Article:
If acetylation imparts such benefits, why didn’t it take off decades ago? Rowell notes that patents covering acetylated wood do date back to the 1930s, but the handful of companies that subsequently attempted to introduce it had little luck. For example, Koppers tried launching a product in the 1960s. Japan’s Daiken introduced acetylated wood flooring in the 1980s. And firms involved in acetyl chemistry such as Eastman and BP have long dabbled in the technology.
Observers cite technical and economic reasons for why acetylation hasn’t been viable until now. Although the process involves chemistry similar to that used to make cellulose acetate, there are subtleties to using whole wood, Eastman’s Dickerson notes.
“One of the beautiful things about wood is its uniqueness. Every piece of wood is different,” Dickerson says. “That same character is a nightmare for a chemist.” Additionally, producing cellulose acetate involves acetylating a well-dispersed fiber, he says. A block of wood, on the other hand, has much less surface area. For aceytlation to be beneficial, the reaction needs to penetrate deep into the wood.
Another difference, Rowell points out, is that cellulose acetate is made with a catalyst such as sulfuric acid. But acetylating cellulose in wood is undesirable because cellulose is the source of the wood’s strength. In order to relegate the reaction to the lignin and hemicellulose, commercial wood acetylation processes tend not to use catalysts, Rowell says.
Acetylated wood also isn’t cheap. At Lowe’s, a 16-foot board of premium pressure-treated decking goes for $14.57. The same board of Trex plastic composite decking can cost up to $44.97. A Perennial Wood board will set the consumer back $51.74.
Eastman’s Dickerson says consumers are becoming used to paying more for materials such as composite lumber because of their durability. “The synthetic materials that are out there have largely proved a price point, particularly in decking,” he says.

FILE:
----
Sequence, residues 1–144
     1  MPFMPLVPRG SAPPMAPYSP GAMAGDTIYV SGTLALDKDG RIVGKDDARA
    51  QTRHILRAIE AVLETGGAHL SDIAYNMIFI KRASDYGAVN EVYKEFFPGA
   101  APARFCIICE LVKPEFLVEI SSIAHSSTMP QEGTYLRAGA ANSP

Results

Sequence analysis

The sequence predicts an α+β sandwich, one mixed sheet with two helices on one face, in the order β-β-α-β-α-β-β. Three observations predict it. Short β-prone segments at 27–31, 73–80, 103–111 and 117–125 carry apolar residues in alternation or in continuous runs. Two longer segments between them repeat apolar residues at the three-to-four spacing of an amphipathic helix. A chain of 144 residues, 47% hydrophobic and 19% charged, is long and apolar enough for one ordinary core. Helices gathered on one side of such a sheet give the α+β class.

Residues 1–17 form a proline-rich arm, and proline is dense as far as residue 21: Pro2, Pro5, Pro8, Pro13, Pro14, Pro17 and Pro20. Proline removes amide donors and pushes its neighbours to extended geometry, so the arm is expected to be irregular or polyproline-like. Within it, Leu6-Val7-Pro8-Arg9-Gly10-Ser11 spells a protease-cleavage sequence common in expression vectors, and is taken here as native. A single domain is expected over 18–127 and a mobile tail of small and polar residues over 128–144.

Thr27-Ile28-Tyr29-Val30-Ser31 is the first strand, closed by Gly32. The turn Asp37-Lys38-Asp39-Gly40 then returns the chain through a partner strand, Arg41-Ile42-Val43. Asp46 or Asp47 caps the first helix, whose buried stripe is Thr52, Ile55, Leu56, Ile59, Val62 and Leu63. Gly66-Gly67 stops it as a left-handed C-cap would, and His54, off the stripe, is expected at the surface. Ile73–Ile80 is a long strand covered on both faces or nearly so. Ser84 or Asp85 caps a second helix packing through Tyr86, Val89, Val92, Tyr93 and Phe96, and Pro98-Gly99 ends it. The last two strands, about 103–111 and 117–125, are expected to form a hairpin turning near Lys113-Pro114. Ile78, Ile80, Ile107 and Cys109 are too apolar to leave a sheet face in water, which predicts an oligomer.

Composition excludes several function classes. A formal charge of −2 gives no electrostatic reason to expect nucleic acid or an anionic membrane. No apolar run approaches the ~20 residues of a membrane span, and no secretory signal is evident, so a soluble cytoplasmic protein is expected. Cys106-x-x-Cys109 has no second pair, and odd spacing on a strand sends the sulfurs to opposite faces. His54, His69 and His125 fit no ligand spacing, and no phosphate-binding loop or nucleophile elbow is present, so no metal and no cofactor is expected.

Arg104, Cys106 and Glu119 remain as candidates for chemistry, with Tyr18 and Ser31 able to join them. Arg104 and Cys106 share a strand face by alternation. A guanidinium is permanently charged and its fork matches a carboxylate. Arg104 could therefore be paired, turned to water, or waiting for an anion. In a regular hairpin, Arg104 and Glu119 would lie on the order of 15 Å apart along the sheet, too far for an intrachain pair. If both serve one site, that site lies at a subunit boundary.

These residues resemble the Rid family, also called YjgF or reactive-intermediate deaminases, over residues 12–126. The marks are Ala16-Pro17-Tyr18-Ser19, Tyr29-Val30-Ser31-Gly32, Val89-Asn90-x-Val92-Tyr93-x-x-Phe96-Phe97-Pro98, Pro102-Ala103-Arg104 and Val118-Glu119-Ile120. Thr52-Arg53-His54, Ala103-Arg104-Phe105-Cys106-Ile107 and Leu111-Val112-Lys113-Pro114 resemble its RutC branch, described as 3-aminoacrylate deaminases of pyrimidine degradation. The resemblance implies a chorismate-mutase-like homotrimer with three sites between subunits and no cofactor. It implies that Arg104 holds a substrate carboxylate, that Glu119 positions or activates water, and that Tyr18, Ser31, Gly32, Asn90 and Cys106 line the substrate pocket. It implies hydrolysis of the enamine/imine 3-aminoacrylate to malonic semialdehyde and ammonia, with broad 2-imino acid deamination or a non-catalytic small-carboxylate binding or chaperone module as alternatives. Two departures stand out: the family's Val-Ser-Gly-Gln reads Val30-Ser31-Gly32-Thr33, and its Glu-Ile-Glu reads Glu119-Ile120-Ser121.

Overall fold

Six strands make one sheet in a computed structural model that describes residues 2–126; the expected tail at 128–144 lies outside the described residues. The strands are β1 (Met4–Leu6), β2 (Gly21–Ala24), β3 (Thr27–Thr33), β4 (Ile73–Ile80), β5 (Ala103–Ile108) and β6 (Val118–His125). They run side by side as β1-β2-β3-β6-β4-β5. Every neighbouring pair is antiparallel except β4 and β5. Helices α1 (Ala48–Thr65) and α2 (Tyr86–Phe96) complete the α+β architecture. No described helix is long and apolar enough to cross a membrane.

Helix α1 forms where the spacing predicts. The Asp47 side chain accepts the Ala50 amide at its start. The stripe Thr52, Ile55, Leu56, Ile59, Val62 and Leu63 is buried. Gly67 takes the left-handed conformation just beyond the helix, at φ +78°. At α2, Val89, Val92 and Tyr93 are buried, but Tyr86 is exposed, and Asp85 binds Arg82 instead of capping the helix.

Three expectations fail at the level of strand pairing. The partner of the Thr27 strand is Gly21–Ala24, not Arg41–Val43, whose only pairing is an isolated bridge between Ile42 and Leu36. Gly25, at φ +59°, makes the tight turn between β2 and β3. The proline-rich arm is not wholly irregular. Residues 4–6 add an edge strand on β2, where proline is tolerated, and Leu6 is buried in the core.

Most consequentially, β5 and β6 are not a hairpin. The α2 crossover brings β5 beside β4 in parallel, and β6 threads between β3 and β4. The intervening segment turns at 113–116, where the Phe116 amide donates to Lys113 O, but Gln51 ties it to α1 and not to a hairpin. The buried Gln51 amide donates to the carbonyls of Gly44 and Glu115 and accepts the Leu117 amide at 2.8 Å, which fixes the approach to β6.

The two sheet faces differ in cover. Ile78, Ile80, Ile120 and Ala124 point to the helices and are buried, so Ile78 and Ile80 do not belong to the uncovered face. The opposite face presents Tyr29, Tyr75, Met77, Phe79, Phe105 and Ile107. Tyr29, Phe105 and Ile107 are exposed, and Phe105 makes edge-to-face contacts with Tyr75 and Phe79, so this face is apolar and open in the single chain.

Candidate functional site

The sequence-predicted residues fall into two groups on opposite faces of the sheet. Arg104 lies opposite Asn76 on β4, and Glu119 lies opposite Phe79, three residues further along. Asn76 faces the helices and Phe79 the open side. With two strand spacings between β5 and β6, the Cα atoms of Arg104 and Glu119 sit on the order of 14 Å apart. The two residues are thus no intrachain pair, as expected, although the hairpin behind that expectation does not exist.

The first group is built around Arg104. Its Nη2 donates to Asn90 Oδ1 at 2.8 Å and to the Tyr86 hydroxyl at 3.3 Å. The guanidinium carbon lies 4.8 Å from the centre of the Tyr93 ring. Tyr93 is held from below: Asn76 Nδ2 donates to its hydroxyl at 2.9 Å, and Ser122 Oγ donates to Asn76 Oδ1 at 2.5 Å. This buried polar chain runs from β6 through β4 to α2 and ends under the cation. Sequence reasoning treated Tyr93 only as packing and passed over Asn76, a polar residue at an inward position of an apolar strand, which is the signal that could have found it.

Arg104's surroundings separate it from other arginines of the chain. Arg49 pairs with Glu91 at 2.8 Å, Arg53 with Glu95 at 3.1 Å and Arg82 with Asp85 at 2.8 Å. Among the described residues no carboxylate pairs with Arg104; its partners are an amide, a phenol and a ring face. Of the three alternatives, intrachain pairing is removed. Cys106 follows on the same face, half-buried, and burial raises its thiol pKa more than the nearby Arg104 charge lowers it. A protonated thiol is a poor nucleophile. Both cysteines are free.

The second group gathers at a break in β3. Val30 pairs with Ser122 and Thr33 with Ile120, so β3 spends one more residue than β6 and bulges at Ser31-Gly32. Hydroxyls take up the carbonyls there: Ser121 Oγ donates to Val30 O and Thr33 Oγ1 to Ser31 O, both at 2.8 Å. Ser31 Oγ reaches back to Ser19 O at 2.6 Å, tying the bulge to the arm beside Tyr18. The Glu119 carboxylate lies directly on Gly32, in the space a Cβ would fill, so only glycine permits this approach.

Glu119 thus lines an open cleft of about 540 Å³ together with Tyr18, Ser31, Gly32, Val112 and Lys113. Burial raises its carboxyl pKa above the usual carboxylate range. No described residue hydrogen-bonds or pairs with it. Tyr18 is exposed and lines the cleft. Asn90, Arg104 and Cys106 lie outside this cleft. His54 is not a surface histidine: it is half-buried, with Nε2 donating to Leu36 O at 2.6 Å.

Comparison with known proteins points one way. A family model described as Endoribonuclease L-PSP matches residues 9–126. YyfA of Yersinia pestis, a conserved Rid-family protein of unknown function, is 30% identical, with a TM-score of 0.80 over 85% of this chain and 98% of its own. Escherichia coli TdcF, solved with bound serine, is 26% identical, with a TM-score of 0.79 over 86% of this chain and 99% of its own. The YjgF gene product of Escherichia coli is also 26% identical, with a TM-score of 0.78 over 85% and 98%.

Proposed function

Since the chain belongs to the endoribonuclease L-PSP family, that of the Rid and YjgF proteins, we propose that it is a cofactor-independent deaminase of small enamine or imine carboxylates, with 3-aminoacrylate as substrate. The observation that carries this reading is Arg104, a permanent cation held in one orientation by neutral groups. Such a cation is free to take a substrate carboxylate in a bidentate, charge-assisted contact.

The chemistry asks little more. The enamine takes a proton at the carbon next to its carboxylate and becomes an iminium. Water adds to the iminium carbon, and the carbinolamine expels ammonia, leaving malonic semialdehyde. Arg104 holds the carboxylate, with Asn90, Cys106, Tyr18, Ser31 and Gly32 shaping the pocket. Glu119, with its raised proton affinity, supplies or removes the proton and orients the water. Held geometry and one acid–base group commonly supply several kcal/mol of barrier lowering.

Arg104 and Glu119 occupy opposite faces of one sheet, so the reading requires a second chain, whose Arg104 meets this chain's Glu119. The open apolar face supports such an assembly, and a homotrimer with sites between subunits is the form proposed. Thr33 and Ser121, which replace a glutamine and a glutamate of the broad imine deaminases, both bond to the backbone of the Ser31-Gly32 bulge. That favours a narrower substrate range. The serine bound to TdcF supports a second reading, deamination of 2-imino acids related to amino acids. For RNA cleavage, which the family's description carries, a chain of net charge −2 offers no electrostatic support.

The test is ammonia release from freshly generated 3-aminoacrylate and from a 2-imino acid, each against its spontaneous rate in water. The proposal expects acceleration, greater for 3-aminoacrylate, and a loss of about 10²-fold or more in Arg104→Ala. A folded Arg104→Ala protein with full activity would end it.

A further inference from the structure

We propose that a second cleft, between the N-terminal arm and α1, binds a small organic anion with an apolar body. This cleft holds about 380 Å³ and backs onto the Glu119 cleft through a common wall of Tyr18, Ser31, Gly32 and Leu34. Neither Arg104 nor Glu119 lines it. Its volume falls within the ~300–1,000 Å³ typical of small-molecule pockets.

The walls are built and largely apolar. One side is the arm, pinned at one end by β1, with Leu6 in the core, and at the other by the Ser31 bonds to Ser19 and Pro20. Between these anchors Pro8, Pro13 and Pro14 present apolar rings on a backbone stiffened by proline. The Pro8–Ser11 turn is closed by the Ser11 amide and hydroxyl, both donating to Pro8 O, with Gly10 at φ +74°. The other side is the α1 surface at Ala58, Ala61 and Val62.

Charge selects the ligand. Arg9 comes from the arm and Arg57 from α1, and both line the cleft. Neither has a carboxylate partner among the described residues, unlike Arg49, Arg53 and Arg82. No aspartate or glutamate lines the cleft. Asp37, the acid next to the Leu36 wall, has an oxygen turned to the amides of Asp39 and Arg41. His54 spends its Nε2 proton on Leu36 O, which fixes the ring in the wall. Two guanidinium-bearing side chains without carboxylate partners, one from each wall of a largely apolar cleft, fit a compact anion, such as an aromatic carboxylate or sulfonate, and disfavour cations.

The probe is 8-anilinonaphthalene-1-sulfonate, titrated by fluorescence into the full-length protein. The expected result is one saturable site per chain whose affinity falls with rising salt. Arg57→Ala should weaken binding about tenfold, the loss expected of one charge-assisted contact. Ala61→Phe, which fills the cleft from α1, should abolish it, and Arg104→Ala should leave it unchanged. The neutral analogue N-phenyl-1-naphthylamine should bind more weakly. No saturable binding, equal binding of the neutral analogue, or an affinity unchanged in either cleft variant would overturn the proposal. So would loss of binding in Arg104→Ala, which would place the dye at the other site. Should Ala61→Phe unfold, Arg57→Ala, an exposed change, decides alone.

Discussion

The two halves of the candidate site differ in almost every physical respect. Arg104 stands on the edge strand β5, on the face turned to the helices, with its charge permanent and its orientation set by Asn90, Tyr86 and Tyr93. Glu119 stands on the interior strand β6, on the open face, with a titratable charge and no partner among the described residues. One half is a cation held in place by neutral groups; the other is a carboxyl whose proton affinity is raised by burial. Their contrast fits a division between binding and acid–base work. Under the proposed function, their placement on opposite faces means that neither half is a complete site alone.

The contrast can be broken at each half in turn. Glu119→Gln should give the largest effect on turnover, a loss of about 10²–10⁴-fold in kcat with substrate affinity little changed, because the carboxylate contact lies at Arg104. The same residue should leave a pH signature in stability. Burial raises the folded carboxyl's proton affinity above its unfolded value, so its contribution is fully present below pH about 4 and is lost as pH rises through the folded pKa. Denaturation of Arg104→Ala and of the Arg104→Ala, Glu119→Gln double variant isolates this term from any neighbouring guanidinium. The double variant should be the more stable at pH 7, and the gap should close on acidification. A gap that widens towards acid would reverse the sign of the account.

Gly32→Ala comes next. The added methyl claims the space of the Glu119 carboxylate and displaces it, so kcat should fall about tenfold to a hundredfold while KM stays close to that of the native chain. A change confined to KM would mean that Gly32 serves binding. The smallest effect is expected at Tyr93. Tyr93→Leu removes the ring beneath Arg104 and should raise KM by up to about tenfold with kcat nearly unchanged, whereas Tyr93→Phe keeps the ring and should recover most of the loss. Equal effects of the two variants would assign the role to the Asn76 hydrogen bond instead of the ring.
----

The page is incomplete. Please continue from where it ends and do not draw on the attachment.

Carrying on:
Paul Clegg, chief executive officer of Accsys, says alternative materials have raised the bar in other applications as well. For example, wood was once the dominant material for building windows. Today in the U.K., some 90% of the windows installed in new structures are made of aluminum or polyvinyl chloride, which don’t swell as wood does. “The PVC and aluminum industries have done a fantastic job in raising the level of expectation,” he notes.
Yet architects and consumers increasingly want renewable construction materials, Clegg points out. They are also shying away from using materials from carbon-intensive industries, such as PVC and aluminum.
Eastman and Accsys are approaching the acetylated wood market differently. Eastman is initially focusing on decking materials. Dickerson says the company is also gaining traction in outdoor furniture and porch flooring markets.
Rather than license the technology to a wood company, Eastman has decided to manufacture and market acetylated lumber itself. Dickerson says it is easier to bring wood onto a chemical site than it would be to duplicate the chemical infrastructure in a wood processing plant.
Since 2007, Accsys has run a plant in Arnhem, where 12.5-meter-long tube-shaped pressurized reactors can create up to 40,000 m3 of its Accoya acetylated wood per year. But the company’s long-term business model is to license its technology to third parties.
Last month it agreed to license the technology to Solvay’s Rhodia Acetow unit. By the end of 2014, Solvay expects to have built a 63,000-m3 Accoya plant, likely in Freiburg, Germany, where it already makes cellulose acetate. Accsys is also forming a joint venture with chemical maker Ineos to further develop and license its recently commercialized Tricoya technology for making boards from acetylated wood chips.
Although Accsys, like Eastman, is looking at decking, Clegg says windows, doors, and cladding are higher priority applications, largely because raw materials are a small part of the cost of such products. “For a window, wood is 15% of the cost, but it is 90% of the performance,” he says.
Clegg believes that consumers will eventually pay for the performance, but he also recognizes that the construction market is conservative. “The wood industry is not the semiconductor industry,” he remarks. “We don’t go from invention to obsolescence in 18 months.”